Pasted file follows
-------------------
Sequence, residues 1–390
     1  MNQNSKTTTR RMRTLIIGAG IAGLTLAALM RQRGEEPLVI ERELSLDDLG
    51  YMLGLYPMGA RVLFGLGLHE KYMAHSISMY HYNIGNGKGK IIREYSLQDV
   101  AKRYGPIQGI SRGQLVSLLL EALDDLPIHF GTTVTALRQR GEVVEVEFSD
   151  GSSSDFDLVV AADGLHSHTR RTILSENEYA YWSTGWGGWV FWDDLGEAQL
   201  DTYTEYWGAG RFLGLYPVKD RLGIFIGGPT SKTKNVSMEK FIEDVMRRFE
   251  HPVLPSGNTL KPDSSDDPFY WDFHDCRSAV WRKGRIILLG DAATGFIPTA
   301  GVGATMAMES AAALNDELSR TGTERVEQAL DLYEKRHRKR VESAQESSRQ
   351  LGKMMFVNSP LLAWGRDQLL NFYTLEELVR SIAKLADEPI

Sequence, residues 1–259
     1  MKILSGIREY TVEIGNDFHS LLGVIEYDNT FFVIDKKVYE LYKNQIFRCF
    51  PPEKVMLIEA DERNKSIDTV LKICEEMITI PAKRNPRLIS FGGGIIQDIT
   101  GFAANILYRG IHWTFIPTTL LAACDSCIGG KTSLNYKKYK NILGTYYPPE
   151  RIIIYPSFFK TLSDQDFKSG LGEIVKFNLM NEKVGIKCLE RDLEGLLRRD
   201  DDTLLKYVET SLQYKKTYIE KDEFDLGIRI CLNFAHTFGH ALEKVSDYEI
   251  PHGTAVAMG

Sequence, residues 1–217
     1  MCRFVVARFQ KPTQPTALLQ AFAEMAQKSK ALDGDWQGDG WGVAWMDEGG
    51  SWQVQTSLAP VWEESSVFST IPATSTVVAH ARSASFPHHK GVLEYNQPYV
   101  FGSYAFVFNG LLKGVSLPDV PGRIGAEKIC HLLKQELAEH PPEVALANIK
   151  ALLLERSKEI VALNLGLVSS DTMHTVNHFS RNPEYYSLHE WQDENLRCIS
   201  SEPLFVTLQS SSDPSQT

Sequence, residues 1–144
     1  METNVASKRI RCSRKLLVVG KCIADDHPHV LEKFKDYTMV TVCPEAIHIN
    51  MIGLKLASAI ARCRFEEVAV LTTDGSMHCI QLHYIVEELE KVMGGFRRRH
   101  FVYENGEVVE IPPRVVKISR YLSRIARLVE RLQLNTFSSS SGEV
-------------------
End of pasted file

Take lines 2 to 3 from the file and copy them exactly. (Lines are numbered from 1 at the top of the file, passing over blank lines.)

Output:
     1  MNQNSKTTTR RMRTLIIGAG IAGLTLAALM RQRGEEPLVI ERELSLDDLG
    51  YMLGLYPMGA RVLFGLGLHE KYMAHSISMY HYNIGNGKGK IIREYSLQDV